On tonight’s Monster Encounters on Travel Channel, host and wildlife expert Casey Anderson does something that will make the hair stand up on the back of your neck.
Casey turns his back on a man-eating tiger to demonstrate how the animals hunt prey, especially humans.
In the Monster Encounters clip, Anderson says: “Tigers strike from primarily behind, so I’m going to show Bhangay [the tiger] my back to put him in attack mode, then see how his demeanor changes when I turned to face him eye to eye.”
Travel Channel’s series Monster Encounters is a wild ride and Anderson — a wildlife expert, naturist, and explorer who had a grizzly bear as a best man at his wedding — is right at the top of his game.
His expertise has been called upon in the past to curate expeditions for other channels including Nat Geo Wild. Now in this new series for Travel Channel he gives us the real lowdown on some of nature’s most fearsome creatures and why they strike.
But the action tonight is all about the tiger. In countries like Nepal and India, man-eaters are a problem, and Anderson talks about this issue and how the species in under duress to coexist with humanity, preserving their natural numbers.
The clip shows how Anderson understands the predatory behavior of this big cat, as he turns around and locks eye with the enormous Banghay, putting a halt to the impending strike.
But the animal makes no bones about which one of them should be more scared, as he growls in Anderson’s face while showing off canine teeth more than four inches long.
Monsters and Critics spoke to Casey Anderson ahead of this amazing episode to get the low down:
Monsters and Critics: Tigers — how in danger are they?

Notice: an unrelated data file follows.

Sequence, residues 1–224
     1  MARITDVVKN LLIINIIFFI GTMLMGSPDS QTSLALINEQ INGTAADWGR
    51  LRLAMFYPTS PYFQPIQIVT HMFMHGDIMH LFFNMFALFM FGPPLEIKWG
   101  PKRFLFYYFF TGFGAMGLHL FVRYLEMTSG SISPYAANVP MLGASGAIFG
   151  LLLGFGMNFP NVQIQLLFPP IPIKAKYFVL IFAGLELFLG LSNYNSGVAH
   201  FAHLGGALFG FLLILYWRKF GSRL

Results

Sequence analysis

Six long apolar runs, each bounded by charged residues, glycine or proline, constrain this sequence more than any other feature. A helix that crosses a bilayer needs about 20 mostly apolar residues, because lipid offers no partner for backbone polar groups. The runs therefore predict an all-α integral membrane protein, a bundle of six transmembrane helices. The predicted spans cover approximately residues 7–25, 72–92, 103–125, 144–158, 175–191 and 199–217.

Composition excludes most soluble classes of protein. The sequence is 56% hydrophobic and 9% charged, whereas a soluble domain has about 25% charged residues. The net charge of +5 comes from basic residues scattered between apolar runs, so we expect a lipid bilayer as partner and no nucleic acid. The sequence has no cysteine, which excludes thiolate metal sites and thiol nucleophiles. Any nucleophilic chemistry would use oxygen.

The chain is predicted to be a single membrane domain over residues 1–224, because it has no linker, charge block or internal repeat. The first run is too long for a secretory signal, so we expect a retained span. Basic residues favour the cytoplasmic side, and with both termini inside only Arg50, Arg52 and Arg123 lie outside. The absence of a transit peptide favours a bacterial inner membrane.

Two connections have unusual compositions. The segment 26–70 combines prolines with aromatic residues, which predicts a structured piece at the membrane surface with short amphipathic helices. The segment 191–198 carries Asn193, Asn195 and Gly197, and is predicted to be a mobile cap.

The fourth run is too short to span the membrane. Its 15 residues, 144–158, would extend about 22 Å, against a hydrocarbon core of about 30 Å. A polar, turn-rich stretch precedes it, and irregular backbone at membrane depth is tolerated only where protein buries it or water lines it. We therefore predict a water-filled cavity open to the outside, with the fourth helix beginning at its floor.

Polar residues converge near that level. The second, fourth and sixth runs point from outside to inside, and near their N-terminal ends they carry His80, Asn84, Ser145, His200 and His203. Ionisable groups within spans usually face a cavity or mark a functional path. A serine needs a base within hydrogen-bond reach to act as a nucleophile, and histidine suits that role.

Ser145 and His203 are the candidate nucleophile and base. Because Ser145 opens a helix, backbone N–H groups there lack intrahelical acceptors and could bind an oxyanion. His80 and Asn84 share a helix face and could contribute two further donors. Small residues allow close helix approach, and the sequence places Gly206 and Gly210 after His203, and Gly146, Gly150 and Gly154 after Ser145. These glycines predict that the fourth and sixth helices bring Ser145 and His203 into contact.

Casey Anderson: There are less than four thousand wild tigers in the world. I was tracking tigers in Nepal where there has been a huge success in the conservation and recovery of tigers in national parks. Since 2009, when there were only 120 tigers, the population has doubled.
M&C: Where were you?
Casey: I spent my time in Nepal tracking man-eating tigers, meeting their recent victims who survived, and family of those who did not. If I was to wander in the jungle that’s home to these killers, I wanted to test and prove my theory at the zoo before heading out.
In the clip, I was at Kathmandu Central Zoo. In the country of Nepal it is their policy not to kill a man-eater, but to capture it. They don’t believe in killing the tigers, based on religious reasons — most Nepalese are Buddhist.
M&C: Tell me about this tiger and your methods?
Casey: The tiger I faced at the zoo was named Bhangay (a captured man killer). From my experience with big predators that are capable of killing people, I like to play a game of “cat and mouse”.
If you face large cats and stare them in the eye and stand your ground, you can actually intimidate them and cause them to back away, ultimately saving your life. This body language/behavior is the basis of the old tactic of wearing masks on the back of your head in tiger country.
If you’re making eye contact with a large predator, they usually won’t attack.
M&C: Anything else about this episode you want to share?
Casey: Tigers are greatly endangered because their natural habitat is in countries like India, Nepal, and China. And due to massive human population growth and resource needs, tiger habitat is being destroyed daily, forcing tigers into small isolated pockets of habitat, usually national parks.
Also, Asian traditional medicine uses tiger body parts, so there is a massive amount of poaching that occurs.
Any conservation effort is all about balance. While there is a big local movement to protect the tigers that has been successful, their food sources, such as native wild deer, are disappearing — and the tiger has to eat something.
The next best thing, when they are desperate, are all the humans that live around them.
This dangerous recipe, big cats that are predatory and desperate, surrounded by a lot of people, is the very thing that makes it a man-eater and more deadly than other big cats of the world.
The country of Nepal values their natural resources and has lived side by side with tigers forever. Through education, social tolerance, and tiger habitat conservation there is still hope that the tiger will not go extinct.
Monster Encounters: Man-Eating Tigers airs Tuesday, November 6, at 10 pm ET/PT on Travel Channel.
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